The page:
• "Pie menus are a naturally efficient user-interface technique -- directional selection of pie slice-shaped targets. The cursor starts out in the inactive center region of a pie, and all target slices are large, nearby, and in different directions. Pie menus are quite easy for new users. You simple follow the pop-up directions to use them. They are also extremely efficient for experienced users. Once you know the directions, you can quickly and reliably 'mouse ahead' without looking. Fitts' Law explains the pie menu advantage -- their fast selection speed and low error rate is due to their large target size and the small distance between each item." Natural Selection: The Evolution of Pie Menus


Conditional cascading menus

Conditional cascading menus allow for the activation of a menu item with a submenu. See bug gnomebug:82162

Sheet or Table

A very simple (spread)sheet/table, nothing fancy. See bug gnomebug:119085

TreeView already does almost everything that is needed. The only problem is that you can only select rows. If it would be possible to enhance the TreeView in a way that it allows arbitrary selections (or maybe just arbitrary rectangular selections), then there would be no need to duplicate any code for a sheet/table widget.

Flowing Vertical Container

A container with columns, like a newspaper, so that the child widgets flow into the next column when there there is not enough space in the first column. The column height depends on the vertical allocation given to the container. As another possibility, the number of columns could be fixed, which would make the height dependent on column width and number of widgets (optimizing for similar lengths).

BenjaminDauvergne: better would be a Paginated Flowing Vertical Container, item are placed in columns whose height is the same as the viewport, and those blocks of columns are repeated as if "paginated". ( it should also be the standard for CSS3 but... ) It corresponds to the way we read, no need to scroll until you have reviewed all the currently displayed data. Scrolling should remain vertical because we are not used to horizontal scrolling of text; at least not in the western world I think. Example:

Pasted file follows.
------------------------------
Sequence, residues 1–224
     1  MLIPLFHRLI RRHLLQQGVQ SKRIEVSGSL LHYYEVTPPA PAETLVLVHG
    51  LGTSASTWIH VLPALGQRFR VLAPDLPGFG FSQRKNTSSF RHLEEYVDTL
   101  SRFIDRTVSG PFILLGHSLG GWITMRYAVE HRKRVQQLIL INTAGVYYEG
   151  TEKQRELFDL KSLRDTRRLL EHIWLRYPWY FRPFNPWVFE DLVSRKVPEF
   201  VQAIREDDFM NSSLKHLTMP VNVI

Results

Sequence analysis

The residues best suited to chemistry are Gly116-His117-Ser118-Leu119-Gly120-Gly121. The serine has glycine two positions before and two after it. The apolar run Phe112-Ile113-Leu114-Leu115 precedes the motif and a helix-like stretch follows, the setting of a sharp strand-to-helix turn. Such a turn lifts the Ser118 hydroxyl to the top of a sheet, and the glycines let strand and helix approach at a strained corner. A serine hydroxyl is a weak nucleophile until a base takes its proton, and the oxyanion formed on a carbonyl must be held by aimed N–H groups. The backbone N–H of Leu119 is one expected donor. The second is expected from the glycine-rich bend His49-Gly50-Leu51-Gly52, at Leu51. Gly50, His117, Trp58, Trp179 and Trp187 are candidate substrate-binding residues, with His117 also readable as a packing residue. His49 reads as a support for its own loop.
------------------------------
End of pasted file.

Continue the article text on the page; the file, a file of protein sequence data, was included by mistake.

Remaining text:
1  3   5
  2  4   6
  7  9  11
  8 10  12

Flowing Horizontal Container

Similar to above, a widget that lays out its children horizontally, flowing onto new lines if they would extend beyond the horizontal allocation.

Doing this correctly requires height-for-width geometry, but it can be done in a hacky way.

Vertical File Chooser

A widget appropiated for use in side panels or vertical spaces. See http://flickr.com/photos/diegoe/120940642/


JohnPeterson: A very simple list pager, often seen in menu panes when they exceed the screen's height, but also used for icons on panels, tabs (see Firefox 2.0), etc. It is basically just an arrow on the top/left and an arrow on the bottom/right with list content sandwiched in-between, scrolled one item at a time by the arrows. Also when a user hovers over the content, the scroll button should work the same as it does with a scrollbar. It is really only useful for small lists of 100 items or less, but it is reinvented by thousands of applications.

Charset Encoding Selector

YounghoCha: Some applications (Gedit, Epiphany, Gnome-Terminal, Totem, and etc..) use this function. But they are implemented by each other. Can it be possible to implement in gtk level?

Notebook Tab with Close Buttons

JonesLee: A very useful widget that is currently employed by many apps such gnome-terminal, hotss and etc..

  • See also UsabilityProject/Whiteboard/StockItems


Attic/WidgetWishlist (last edited 2013-11-23 00:43:41 by WilliamJonMcCann)